SBA officials told Congress repeatedly last year that clearer jobs numbers would become available once businesses applied for loan forgiveness, a process that is ongoing. That application asks for the number of jobs supported by the loan. But it’s not likely to provide the answer.

Moulton said applications for forgiveness will provide only a snapshot of current conditions, not the five years of jobs data that Congress specifically asked for in the CARES Act to verify whether the loans kept people in their jobs in the long term. Employees who were paid using the loan could have been laid off as soon as the money ran out, he said.

The PPP’s focus on jobs shifted over the course of the year, as businesses fretted that it did no good to pay employees if they weren’t able to pay rent and stay afloat. That led to changes that allowed more money to be spent on nonpayroll expenses.

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Initially, borrowers had to put at least 75% of their loans toward payroll in order to have them fully forgiven. But in June, Congress lowered that threshold to 60%, allowing businesses to spend more money on expenses like rent and giving them more time to spend it.

No one disputes that the program probably helped thousands of small businesses survive. The scope of how many closed and how many stayed open will become more obvious as tax filings and bankruptcy data become available in time, economists say.

Sen. Jeanne Shaheen (D-N.H.) said the change made by Congress was an attempt to give small businesses more flexibility to keep their doors open, which in turn would preserve jobs.

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“If they close, those people have no place to go to work,” Shaheen said. “Keeping small businesses open is about jobs.”

The program was designed to help as many businesses as possible, with little evidence required from them as to whether they faced revenue loss because of the pandemic.

Especially in the early days of the program, much of the money went to businesses that hadn’t lost revenue, had other resources like lines of credit to tap, or faced little risk of laying off workers without the loan.

Microbusinesses, those with fewer than 10 employees, that would have benefited the most from the money were edged out of the first round by the bigger companies that had existing lending relationships with large banks.

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Eric Zwick, an economist at the University of Chicago’s business school who has studied the program, said Congress could have modified the program in the early months of the pandemic after seeing how much money was going to businesses that weren’t in regions or industries facing economic peril because of shutdowns. Congress waited until December to prioritize loans for businesses with fewer employees and with major drops in revenue.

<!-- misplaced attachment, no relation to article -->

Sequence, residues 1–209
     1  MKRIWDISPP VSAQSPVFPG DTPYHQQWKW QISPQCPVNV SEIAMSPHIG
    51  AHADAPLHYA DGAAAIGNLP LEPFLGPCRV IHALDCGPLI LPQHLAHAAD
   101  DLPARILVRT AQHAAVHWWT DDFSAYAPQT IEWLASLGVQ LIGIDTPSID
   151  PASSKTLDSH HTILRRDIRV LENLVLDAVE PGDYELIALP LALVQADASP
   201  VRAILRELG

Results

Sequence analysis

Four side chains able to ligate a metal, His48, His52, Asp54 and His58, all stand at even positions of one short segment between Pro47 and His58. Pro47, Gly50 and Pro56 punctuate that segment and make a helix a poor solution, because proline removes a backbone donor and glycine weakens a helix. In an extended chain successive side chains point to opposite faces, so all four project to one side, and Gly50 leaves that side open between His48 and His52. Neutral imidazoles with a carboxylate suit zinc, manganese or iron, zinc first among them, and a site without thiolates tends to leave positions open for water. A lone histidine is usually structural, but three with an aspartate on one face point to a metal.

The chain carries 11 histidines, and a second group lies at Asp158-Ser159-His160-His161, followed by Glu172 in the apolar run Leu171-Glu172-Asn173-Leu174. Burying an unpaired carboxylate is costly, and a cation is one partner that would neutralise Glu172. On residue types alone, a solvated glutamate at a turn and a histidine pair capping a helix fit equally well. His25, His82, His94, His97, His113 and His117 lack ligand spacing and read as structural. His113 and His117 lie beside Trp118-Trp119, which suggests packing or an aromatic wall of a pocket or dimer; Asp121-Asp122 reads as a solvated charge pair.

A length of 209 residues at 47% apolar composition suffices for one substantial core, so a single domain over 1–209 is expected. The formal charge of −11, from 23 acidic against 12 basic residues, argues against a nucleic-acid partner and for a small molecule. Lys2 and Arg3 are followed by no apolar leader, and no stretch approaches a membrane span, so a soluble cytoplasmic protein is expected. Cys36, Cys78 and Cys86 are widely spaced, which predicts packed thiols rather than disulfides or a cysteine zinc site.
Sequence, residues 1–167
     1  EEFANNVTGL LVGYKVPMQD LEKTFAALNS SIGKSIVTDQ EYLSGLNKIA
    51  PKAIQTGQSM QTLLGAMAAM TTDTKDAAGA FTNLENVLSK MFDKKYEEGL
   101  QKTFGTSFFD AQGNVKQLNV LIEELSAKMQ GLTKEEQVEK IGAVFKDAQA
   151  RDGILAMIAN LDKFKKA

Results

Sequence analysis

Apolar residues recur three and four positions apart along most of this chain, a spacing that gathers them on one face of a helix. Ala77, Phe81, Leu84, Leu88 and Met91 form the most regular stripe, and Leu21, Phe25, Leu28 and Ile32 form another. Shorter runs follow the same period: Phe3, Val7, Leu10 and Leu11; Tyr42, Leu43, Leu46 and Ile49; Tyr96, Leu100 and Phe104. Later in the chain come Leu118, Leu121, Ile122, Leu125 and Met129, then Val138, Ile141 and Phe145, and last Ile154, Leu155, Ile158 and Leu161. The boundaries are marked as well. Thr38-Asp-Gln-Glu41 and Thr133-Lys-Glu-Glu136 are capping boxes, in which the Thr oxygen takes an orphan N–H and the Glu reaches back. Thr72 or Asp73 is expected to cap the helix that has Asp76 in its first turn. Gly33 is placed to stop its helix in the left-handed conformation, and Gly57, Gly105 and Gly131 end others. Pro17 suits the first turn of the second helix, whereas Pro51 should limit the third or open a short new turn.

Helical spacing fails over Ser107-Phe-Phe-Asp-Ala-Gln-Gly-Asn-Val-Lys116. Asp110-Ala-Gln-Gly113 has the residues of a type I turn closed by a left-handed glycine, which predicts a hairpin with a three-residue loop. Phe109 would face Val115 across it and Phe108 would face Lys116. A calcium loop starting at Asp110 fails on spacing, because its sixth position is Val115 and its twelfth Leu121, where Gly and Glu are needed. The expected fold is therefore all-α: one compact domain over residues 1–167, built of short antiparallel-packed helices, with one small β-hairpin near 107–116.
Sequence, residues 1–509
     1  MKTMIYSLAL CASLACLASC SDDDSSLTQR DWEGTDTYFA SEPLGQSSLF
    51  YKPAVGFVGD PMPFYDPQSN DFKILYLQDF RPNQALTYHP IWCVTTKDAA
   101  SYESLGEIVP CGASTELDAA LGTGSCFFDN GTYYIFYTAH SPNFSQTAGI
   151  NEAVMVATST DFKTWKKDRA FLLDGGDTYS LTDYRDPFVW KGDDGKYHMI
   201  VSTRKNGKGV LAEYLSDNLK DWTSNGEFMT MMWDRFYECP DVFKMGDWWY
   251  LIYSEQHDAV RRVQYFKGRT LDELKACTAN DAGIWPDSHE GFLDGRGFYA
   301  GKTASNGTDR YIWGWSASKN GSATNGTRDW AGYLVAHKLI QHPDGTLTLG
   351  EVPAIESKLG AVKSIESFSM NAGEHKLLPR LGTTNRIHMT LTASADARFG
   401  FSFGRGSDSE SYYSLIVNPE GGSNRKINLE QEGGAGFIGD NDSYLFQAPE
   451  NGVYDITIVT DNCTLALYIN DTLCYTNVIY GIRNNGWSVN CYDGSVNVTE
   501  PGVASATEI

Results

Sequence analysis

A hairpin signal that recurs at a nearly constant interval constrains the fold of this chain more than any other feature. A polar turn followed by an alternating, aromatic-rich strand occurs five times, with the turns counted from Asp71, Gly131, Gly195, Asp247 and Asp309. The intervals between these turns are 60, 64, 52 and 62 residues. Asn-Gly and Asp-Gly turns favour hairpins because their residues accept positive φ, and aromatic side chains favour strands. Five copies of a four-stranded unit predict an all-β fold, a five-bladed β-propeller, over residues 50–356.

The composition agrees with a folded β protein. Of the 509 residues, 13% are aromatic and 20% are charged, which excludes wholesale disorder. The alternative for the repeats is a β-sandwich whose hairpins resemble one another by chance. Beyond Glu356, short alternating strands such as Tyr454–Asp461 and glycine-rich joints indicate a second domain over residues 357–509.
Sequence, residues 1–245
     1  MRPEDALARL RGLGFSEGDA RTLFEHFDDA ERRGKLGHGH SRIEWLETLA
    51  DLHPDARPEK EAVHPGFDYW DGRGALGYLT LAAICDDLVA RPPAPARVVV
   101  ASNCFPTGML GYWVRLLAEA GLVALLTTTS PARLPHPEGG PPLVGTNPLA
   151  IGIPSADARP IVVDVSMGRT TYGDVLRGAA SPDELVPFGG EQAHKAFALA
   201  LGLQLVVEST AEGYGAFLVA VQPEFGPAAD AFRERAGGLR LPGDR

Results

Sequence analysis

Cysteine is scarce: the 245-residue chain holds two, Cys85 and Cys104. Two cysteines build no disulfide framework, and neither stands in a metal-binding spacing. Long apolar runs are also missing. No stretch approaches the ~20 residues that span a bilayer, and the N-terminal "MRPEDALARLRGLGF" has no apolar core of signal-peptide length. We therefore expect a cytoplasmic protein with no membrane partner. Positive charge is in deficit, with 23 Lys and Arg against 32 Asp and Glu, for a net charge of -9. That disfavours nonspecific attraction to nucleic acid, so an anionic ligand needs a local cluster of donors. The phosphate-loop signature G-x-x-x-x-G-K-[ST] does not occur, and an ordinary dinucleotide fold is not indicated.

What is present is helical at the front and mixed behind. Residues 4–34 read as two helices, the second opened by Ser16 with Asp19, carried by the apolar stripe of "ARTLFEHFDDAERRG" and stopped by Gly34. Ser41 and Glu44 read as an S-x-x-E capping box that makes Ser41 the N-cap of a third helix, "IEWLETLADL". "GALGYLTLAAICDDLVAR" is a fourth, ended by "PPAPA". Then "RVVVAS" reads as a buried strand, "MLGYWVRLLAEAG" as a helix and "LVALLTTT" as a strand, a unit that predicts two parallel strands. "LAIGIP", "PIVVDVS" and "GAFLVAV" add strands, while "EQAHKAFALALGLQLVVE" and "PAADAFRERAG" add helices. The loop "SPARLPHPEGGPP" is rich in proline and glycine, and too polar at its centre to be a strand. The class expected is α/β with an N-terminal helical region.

“You could have had the same program, just as [beneficial], possibly for half the price,” Zwick said.

UC Berkeley law professor Robert Bartlett, who surveyed businesses in Oakland during the pandemic, found that how much the loan contributed to a business’ expectation of survival depended largely on how many people it employed.

Microbusinesses of fewer than five employees needed their people to continue working in order to stay open and thus benefited the most from payroll support, Bartlett said. They were 20% more likely to say they expected to be open in six months because of the loan.

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But for businesses with more than five employees, layoffs were the best way to manage cash flow, and they needed rent help from the government more than payroll support, Bartlett said. Though the PPP delayed layoffs for a few months, the businesses reported that the loans did not have a lasting effect on their ability to survive the next six months.

“One-size-fits-all programs might be politically expedient, but they may not be what all small businesses … need,” Bartlett said.

The program lapsed in August, but Congress in December approved a second round of loans, tightening eligibility requirements to focus support on the smallest, hardest-hit firms and those with the greatest drops in revenue. Only businesses with fewer than 300 employees could apply for a second loan, and money was set aside for particularly small and minority-owned businesses. It also created direct grants for performing venues and restaurants, which the SBA expects to make available this month.

Businesses applying for PPP loans still don’t have to report the number of jobs saved. Moulton, from the watchdog group, is urging the Biden administration to begin collecting such data and to retroactively require past recipients to report their figures, as a way to measure the program’s success.

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“We are spending money right now on this program,” Moulton said. “It’s never too late to start getting this information.”